The 815 built by Enzo in the pre-WWII era was equipped with an inline-8 cylinder engine built from Fiat components and although it wore the Prancing Horse badge, it did not wear the Ferrari name. The 125 S received an Aurelio Lampredi-designed steel tube-frame chassis (with a 2420mm wheelbase size) built by Gilco, hydraulic power drum brakes all round, and a suspension comprised of double wishbones and transverse leaf springs. The front-mounted twelve-cylinder engine was designed by Gioacchino Colombo with a bore of 55mm and a stroke of 52.5mm, resulting in a 1,497cc (1.5-liter) displacement size. Colombo remained briefly with Ferrari, returning to Alfa Romeo shortly after having created the drawings. The engine used a single overhead camshaft design with two valves per cylinder, three double-choke Weber 30DCF carburetors, a 9.5:1 compression ratio, and developed 118 horsepower at 6,800 RPM. It was backed by a five-speed manual transmission mounted in-block with the engine instead of the traditional four-speed unit, as it was better suited to handle the power produced from the high revving V-12 engine.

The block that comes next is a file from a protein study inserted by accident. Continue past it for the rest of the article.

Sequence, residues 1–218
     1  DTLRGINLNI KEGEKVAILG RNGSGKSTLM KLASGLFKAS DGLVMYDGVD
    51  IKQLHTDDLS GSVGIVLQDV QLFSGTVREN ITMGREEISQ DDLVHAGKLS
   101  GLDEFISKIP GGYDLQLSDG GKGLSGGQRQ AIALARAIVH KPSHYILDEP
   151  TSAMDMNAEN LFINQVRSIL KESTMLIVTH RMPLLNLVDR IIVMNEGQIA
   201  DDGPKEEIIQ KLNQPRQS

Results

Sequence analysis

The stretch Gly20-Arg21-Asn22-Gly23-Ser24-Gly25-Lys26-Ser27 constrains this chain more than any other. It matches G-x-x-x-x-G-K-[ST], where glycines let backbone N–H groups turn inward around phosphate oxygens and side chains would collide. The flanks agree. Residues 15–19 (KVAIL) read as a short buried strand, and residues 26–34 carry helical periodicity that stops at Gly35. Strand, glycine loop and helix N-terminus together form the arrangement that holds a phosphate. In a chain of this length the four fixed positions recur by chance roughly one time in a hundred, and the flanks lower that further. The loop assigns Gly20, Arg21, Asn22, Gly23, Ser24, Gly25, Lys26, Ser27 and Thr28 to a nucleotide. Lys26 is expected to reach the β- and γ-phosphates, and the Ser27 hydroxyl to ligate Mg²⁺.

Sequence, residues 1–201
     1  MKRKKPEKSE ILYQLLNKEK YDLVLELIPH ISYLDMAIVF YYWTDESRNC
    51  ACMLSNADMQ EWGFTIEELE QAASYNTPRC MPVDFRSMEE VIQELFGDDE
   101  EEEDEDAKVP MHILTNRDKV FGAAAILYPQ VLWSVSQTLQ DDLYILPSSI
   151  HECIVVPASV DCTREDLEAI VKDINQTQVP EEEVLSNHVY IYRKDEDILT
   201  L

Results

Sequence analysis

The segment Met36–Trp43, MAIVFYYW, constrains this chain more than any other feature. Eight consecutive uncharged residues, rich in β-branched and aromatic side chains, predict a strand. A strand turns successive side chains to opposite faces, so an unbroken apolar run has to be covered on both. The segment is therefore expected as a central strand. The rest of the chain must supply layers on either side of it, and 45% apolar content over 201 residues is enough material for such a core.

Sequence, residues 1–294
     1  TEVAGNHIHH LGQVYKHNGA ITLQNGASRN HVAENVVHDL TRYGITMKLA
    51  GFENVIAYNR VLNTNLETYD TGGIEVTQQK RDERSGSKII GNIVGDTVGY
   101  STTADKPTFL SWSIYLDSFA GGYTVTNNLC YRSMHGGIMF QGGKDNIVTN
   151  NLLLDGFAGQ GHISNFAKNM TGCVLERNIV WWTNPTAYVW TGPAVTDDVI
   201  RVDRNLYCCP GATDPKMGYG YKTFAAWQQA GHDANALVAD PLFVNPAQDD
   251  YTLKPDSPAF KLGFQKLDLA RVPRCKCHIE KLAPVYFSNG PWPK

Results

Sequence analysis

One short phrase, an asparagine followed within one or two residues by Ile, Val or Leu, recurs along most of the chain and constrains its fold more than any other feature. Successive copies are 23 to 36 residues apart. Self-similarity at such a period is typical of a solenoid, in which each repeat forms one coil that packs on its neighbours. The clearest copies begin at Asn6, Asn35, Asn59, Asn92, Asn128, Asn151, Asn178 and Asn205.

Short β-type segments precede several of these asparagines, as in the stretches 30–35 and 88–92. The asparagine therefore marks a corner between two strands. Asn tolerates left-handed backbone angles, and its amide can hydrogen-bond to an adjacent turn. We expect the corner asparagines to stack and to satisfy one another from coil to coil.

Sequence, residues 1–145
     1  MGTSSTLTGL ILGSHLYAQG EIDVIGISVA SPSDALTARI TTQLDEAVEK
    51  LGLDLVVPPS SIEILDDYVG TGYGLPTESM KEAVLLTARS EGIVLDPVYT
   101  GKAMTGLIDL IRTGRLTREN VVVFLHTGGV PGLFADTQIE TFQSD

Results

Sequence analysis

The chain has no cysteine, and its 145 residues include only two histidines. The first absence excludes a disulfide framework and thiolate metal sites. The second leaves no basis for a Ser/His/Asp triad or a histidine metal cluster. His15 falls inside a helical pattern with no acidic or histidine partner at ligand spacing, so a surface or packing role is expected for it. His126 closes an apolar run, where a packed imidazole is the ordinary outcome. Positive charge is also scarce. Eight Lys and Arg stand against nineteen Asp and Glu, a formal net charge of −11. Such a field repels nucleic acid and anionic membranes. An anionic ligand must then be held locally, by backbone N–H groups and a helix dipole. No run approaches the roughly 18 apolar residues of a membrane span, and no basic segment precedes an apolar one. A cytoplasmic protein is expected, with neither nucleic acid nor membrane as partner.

Franco Cortese drove the 125 S at its racing debut at the Circuito di Piacenza in 1947. It failed to finish, but two weeks later, it earned Ferrari its first victory at the Grand Prix of Rome on the Terme di Caracalla Circuit, again driven by Cortese. Of the fourteen races that the 125 S contested during the 1947 season, it was victorious on six occasions.

Ferrari 195 S